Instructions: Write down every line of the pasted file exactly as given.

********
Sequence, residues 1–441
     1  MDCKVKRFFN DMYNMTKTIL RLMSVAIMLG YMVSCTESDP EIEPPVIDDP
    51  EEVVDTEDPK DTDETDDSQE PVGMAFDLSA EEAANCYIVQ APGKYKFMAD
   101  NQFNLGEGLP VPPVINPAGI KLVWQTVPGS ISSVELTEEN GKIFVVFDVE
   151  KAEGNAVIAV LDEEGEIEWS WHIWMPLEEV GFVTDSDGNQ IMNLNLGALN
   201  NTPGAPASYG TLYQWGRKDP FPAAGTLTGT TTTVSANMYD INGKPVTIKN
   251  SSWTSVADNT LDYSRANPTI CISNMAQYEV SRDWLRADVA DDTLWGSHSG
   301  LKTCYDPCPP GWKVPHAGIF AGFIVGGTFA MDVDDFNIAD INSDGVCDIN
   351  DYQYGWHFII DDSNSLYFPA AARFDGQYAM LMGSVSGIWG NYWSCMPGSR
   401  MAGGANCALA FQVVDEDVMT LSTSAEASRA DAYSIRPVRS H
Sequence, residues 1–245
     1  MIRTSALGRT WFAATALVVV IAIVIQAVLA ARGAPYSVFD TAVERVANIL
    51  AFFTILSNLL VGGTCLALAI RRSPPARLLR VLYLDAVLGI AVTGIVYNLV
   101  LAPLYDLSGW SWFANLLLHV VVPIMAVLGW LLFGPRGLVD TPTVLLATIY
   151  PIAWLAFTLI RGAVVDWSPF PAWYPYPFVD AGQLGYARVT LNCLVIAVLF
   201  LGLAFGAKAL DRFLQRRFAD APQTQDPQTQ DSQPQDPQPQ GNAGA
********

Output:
Sequence, residues 1–441
     1  MDCKVKRFFN DMYNMTKTIL RLMSVAIMLG YMVSCTESDP EIEPPVIDDP
    51  EEVVDTEDPK DTDETDDSQE PVGMAFDLSA EEAANCYIVQ APGKYKFMAD
   101  NQFNLGEGLP VPPVINPAGI KLVWQTVPGS ISSVELTEEN GKIFVVFDVE
   151  KAEGNAVIAV LDEEGEIEWS WHIWMPLEEV GFVTDSDGNQ IMNLNLGALN
   201  NTPGAPASYG TLYQWGRKDP FPAAGTLTGT TTTVSANMYD INGKPVTIKN
   251  SSWTSVADNT LDYSRANPTI CISNMAQYEV SRDWLRADVA DDTLWGSHSG
   301  LKTCYDPCPP GWKVPHAGIF AGFIVGGTFA MDVDDFNIAD INSDGVCDIN
   351  DYQYGWHFII DDSNSLYFPA AARFDGQYAM LMGSVSGIWG NYWSCMPGSR
   401  MAGGANCALA FQVVDEDVMT LSTSAEASRA DAYSIRPVRS H
Sequence, residues 1–245
     1  MIRTSALGRT WFAATALVVV IAIVIQAVLA ARGAPYSVFD TAVERVANIL
    51  AFFTILSNLL VGGTCLALAI RRSPPARLLR VLYLDAVLGI AVTGIVYNLV
   101  LAPLYDLSGW SWFANLLLHV VVPIMAVLGW LLFGPRGLVD TPTVLLATIY
   151  PIAWLAFTLI RGAVVDWSPF PAWYPYPFVD AGQLGYARVT LNCLVIAVLF
   201  LGLAFGAKAL DRFLQRRFAD APQTQDPQTQ DSQPQDPQPQ GNAGA